Former PM Key used in fake get-rich-quick story

John Key is used to sell the scheme which "99.9 percent" of people don't know about (wolfofcoinstreet)
John Key is used to sell the scheme which "99.9 percent" of people don't know about (wolfofcoinstreet)

Former Prime Minister John Key's image is being used as the face of a get-rich-quick scheme which appears on at least one online news website.

It sells the "secret loophole" where "Kiwis can earn $750 per day and quit their jobs" and features an image of Mr Key holding up a sheet of new $10 bills at the Reserve Bank.

The story also includes one of Mr Key's "top lawyers" who conveniently "prefers to remain anonymous" - as well as an image of broadcaster Paul Henry

The story also uses a promotional image of Paul Henry (wolfofcoinstreet)
The story also uses a promotional image of Paul Henry (wolfofcoinstreet)

While Mr Key did resign from his role as Prime Minister in December and gave his valedictory speech in Parliament last month it is safe to say his new gig is not promoting this highly dubious scheme.

"John Key is sending shockwaves throughout all of New Zealand by revealing his secret formula that the average citizen is using to make fast money from home," the fake article reads.

"We're literally seeing an increase in self-employment. Never before in history do we have an opportunity that people can easily take advantage of to generate tremendous wealth in such a short time," it quotes him as saying.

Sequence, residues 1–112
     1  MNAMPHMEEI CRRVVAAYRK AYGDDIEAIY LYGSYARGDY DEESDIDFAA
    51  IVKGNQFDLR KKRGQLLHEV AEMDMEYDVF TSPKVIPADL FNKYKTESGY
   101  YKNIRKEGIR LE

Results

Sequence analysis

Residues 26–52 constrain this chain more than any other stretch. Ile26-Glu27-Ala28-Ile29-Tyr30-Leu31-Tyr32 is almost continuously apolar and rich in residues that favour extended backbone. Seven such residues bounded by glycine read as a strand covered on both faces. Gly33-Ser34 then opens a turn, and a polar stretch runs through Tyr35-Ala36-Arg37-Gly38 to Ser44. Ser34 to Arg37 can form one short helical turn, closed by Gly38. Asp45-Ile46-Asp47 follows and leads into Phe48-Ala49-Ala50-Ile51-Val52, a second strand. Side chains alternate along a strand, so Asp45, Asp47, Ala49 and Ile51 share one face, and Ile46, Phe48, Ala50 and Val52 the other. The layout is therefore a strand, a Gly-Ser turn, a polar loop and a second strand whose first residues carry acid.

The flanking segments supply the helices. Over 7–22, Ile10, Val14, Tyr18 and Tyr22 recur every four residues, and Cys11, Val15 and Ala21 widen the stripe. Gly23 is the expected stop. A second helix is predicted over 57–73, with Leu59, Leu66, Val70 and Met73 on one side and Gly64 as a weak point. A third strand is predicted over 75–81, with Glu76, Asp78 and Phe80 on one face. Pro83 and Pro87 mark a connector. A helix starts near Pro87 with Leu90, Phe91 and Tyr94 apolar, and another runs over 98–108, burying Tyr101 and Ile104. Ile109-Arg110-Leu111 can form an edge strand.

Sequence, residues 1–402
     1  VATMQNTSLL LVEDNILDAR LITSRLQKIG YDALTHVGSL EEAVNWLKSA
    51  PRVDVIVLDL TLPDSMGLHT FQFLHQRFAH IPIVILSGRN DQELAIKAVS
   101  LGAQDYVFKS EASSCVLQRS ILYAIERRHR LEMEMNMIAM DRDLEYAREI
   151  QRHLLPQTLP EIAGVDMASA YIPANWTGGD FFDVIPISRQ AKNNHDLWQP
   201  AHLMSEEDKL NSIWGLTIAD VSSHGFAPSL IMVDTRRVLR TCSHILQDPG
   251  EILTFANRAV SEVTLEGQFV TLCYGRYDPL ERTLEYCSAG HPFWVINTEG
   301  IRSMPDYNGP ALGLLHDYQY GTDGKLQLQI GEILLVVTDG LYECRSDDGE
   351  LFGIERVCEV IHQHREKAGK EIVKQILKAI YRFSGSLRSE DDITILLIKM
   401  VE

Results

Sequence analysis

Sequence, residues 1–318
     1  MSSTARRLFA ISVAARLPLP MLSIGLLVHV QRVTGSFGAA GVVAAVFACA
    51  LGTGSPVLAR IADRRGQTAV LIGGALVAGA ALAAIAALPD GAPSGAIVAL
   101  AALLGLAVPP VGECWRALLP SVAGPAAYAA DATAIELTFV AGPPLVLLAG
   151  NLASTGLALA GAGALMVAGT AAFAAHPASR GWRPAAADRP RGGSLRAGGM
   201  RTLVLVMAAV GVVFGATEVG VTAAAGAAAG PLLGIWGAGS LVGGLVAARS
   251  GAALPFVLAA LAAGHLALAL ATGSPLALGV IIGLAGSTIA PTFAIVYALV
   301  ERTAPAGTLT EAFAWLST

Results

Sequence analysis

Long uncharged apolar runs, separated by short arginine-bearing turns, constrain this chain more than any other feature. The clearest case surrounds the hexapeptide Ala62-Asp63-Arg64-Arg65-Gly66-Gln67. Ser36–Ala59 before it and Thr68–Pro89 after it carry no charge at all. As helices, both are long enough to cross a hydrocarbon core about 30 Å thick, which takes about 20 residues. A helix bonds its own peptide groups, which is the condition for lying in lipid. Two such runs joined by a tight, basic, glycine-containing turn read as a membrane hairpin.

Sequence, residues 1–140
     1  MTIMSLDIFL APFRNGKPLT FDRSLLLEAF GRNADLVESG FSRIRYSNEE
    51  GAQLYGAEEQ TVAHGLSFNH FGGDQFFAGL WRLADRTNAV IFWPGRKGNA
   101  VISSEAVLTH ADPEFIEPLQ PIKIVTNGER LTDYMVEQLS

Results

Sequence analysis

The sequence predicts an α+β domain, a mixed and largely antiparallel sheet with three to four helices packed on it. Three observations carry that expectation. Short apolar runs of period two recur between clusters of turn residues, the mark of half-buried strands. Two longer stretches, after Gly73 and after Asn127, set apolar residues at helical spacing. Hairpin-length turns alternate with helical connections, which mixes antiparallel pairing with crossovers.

Nowhere in the article does it mention Mr Key was the Prime Minister, though it does quote his "lawyer" as saying he was a "prominent figure".

Newshub came across the 'Wolf of Coin Street' article on Australia's 7 News website, but it is likely it will also appear on a number of other websites.

In his last full year as Prime Minister, Mr Key earned $1229 a day - much more than the $750 the story trumpets - with an annual salary of $448,569.

He made his early fortunes as an investment banker, and last year NBR ranked him 175th in the top 200 richest New Zealanders list with an estimated $60 million net worth.

Mr Henry's picture, a Paul Henry Show promotional photo, is also used to sell an "auto trading phenomenon" to get rich.

The Government has been contacted for comment.

Newshub.

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